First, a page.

Friday, December 6, 2013

Book Review: Amazons II

Book Review: 'Amazons II' edited by Jessica Amanda Salmonson


4 / 5 Stars

‘Amazons II’ (239 pp.) is DAW Book No. 485, and was published in June, 1982. The cover artwork is by Michael Whelan. All of the stories were exclusively written for this anthology. It is the companion volume to 1979’s ‘Amazons !’, also edited by Salmonson and published by DAW.

In her Introduction, Salmonson provides a lengthy overview of the Amazon in history and legend.


The opening story, ‘For A Daughter’ by F. M. Busby, is an unremarkable tale about an Amazon who embarks on a quest for an appropriately studly man (!) to sire her offspring. Male chauvinism inevitably rears its ugly head.

Gillian Fitzgerald’s ‘The Battle Crow’s Daughter’ uses Celtic myths as background for its tale of a young women married off to a boor for the sake of promoting comity between warring nations.

In ‘Southern Lights’, by Tanith Lee, Jaisel the Amazon finds herself obliged to seek shelter in a strange village high in the snowy wastes. There is an undercurrent of creepiness to the setting and plot that makes this one of the better entries in the collection.

‘Zroya’s Trizub’, by Gordon Derevanchuk, is a folk tale based on Slavic mythology; original in setting and place, with a nice plot twist at its end.

‘The Robber Girl’, by Phyllis Ann Karr, takes the heroine from the Hans Christian Anderson tale ‘The Snow Queen’, and sets her off on her own adventure.

‘Lady of the Forest End’, by Gael Baudino, is a humorous adventure involving an Amazon named Avdoyta, and her bumbling aide, the monk Monmouth.

‘The Ivory Comb’, by Eleanor Arnason, is another folk tale, featuring some quasi-scatological humor.

‘The Borders of Sabazel’, by Lillian Stewart Carl, is a rather ponderous piece about Amazons in uneasy alliance with some overly macho male warriors.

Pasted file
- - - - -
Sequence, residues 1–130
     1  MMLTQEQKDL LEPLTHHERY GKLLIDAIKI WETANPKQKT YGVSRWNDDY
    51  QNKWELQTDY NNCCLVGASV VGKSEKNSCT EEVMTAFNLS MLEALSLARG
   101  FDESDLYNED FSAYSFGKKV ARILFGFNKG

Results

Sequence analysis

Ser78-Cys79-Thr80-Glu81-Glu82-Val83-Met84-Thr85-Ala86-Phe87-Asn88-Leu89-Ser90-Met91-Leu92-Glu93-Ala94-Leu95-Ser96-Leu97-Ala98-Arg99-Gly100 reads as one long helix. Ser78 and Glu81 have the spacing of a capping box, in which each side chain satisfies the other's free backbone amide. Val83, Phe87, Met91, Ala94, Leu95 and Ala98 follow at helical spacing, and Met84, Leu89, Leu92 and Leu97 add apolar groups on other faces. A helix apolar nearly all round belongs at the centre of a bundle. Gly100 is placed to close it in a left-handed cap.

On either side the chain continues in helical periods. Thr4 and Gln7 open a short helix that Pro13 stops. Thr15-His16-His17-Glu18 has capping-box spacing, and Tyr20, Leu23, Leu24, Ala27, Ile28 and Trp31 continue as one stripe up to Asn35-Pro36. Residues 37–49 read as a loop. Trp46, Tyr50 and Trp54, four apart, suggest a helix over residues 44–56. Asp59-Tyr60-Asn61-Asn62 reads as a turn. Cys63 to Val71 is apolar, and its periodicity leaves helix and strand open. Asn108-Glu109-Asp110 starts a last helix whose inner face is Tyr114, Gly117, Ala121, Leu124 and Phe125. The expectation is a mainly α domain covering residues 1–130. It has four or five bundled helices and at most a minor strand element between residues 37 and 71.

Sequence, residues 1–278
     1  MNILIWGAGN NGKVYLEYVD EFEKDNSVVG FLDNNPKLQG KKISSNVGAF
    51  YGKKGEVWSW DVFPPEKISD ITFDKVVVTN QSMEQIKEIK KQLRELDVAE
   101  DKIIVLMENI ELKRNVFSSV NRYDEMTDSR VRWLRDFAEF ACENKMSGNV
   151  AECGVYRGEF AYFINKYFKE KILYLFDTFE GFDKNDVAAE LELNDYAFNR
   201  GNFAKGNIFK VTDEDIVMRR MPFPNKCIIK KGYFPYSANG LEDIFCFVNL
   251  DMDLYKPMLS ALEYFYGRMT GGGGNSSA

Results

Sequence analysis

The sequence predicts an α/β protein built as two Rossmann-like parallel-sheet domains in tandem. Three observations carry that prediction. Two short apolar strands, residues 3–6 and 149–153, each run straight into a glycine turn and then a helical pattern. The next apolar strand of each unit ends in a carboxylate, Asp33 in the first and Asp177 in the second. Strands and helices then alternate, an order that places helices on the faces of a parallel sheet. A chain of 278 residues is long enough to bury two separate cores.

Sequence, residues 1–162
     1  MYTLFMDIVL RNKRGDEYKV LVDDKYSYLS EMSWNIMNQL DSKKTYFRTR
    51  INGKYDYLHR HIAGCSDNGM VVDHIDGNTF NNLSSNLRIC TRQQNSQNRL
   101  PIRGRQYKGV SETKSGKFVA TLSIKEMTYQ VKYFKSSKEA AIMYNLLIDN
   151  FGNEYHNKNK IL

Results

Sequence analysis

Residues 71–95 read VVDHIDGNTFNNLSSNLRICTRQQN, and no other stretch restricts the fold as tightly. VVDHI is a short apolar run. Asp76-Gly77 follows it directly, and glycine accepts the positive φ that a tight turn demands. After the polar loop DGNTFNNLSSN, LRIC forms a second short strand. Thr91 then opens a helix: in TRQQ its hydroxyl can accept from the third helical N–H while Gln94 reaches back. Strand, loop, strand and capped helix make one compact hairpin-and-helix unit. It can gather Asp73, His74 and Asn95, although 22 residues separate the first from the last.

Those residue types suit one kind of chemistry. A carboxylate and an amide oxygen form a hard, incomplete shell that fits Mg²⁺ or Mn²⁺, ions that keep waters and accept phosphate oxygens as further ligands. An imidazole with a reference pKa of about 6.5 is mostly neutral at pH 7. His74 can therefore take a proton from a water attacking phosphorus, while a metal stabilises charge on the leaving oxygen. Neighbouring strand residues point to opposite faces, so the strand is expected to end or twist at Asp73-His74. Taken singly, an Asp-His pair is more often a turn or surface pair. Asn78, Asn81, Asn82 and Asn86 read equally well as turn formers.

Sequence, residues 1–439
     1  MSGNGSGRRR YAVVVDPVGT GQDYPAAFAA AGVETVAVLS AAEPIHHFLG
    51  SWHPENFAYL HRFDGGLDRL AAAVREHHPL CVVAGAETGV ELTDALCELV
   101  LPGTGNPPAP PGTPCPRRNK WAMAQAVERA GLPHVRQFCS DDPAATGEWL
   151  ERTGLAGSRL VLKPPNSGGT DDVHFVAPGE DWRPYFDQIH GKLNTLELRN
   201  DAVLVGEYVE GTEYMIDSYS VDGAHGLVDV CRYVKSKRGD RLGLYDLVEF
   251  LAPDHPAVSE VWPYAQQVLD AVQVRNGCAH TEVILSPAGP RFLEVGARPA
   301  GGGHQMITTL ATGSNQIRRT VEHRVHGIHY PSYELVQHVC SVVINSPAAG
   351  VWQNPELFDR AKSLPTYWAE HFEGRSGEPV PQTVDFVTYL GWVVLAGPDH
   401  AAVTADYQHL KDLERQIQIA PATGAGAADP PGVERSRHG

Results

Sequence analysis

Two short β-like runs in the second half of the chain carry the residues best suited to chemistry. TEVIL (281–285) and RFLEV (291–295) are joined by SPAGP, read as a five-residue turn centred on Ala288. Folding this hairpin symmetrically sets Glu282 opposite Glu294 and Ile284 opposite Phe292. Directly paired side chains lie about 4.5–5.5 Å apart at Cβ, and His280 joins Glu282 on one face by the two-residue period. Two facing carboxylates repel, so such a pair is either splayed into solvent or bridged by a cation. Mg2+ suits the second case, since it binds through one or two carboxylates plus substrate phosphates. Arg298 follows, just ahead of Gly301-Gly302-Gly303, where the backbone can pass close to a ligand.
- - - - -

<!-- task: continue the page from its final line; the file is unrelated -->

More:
‘Who Courts a Reluctant Maiden’, by Ardath Mayhar, features an Amazon who resolves to help a woman brutalized by an evil overseer. A good combination of whoop-ass revenge and satiric humor.


‘The Soul Slayer’, by Lee Killough, and ‘Nightwork’, by Jo Clayton, both feature Amazons addressing injustices committed by despotic males. Good action sequences, and worthy villains, make these among the better entries.

‘In the Lost lands’, by George R. R. Martin, sees Gray Alys the warrior-witch embark on a disquieting journey to the Lost Lands. The story’s bleak setting, violent tone, and carefully worded prose, make it another of the anthology’s superior entries.

In summary, editor Salmonson does a very good job in terms of eliciting quality material from her contributors, not something many DAW editors of the 80s were wont (or able) to do. ‘Amazons II’ is not just a good anthology about Amazons, but a good anthology of fantasy fiction, period.

2 comments:

Bob Milne said...

Wow, I completely forgot about this. I have a copy sitting on the shelf somewhere, but I don't think I ever finished it. May be time to dig it out.

Karen said...

This takes me back. I read the first volume of Amazons but not this one. I also recall reading Salmonson's Tomoe Gozen trilogy, although I can't remember much about it now. Daw certainly put out a lot of interesting material back in the day.